Here is a a flavour of the things we’ve been doing this Holy Week, around our normal round of prayers.
Tuesday in Holy Week
Having attended the Diocesan Chrism Mass in the morning we spent the afternoon taking out the Passion message in to the sheltered housing complexes where we sang seasonal Hymns with the residents of Victoria Court.
Wednesday in Holy Week
The morning was spent helping lead a craft morning for families at Holy Trinity Church. Great Fun was had by all!
After the example of Our Lord Jesus Christ washing the disciples feet on the first Maundy Thursday, today we polished the shoes of commuters on their way to work from Abergavenny Station.
Later we assisted at the Priory Church’s Mass of the Lord’s Supper, Feet Washing, Stripping of the Altars, and then accompanied the Blessed Sacrament as it was processed through the town to the Garden of Repose at Holy Trinity Church.
Christchurch at 9am saw Sr Jennii lead the Stations of the Cross.
After joining in the Ecumenical Silent March of Witness through the town, we led an Ecumenical Devotion at the Foot of the Cross in the Priory Church. This was the last use of Nigel Robert Pugh’s Stations of the Cross before the display closes
We marked the last hour at 2pm, and Concentor Br Simon joined the Priory Choir for their Sacred concert at 7pm.
The Diocese of Cyprus and the Gulf will second one of its Deacons to the Holywell Community for two months, it has been announced. The Revd Kinsgley Douglas will join us in a months time.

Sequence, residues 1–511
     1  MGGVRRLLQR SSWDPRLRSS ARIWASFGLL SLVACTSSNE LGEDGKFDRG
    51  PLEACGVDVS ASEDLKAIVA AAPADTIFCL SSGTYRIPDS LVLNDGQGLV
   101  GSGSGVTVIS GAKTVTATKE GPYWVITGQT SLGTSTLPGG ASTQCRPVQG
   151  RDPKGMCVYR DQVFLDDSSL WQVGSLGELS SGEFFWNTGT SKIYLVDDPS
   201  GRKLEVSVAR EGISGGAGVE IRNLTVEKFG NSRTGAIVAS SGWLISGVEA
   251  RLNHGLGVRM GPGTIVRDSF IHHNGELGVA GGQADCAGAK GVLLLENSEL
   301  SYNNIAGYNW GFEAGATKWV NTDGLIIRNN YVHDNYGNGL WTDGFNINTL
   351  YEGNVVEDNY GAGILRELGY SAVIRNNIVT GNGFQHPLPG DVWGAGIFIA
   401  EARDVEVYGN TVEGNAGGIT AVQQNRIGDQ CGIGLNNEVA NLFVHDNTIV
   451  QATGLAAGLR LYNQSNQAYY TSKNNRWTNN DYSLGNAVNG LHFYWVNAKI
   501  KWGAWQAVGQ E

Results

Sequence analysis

Kingsley Douglas was born in April 1962 in Kandy, Sri Lanka, and is married
to Sugirthamalar Victoria Douglas; they don’t have any children.
In 1982 Douglas entered theologicalcollege in Jaffna, Sri Lanka, studying
for BDivi studies (affiliated withSerampore Theological Collage, West
Bengal, India) but due to ethnic conflict,he didn’t complete the full term course
(only studying for two years and fourmonths) as the college was closed down.
In 1985 he entered the Engineering Faculty (Civil) of Bangalore University
India, graduating in 1990. During the course, in 1989, the Bishop of Jaffna
from Jaffna Diocese ordained him as aDeacon and he served various churches
in the northern part of Sri Lanka.In 1991 Douglas relocated to the
southern part of Sri Lanka (Colombo)due to ethnic war and in 1995 he got a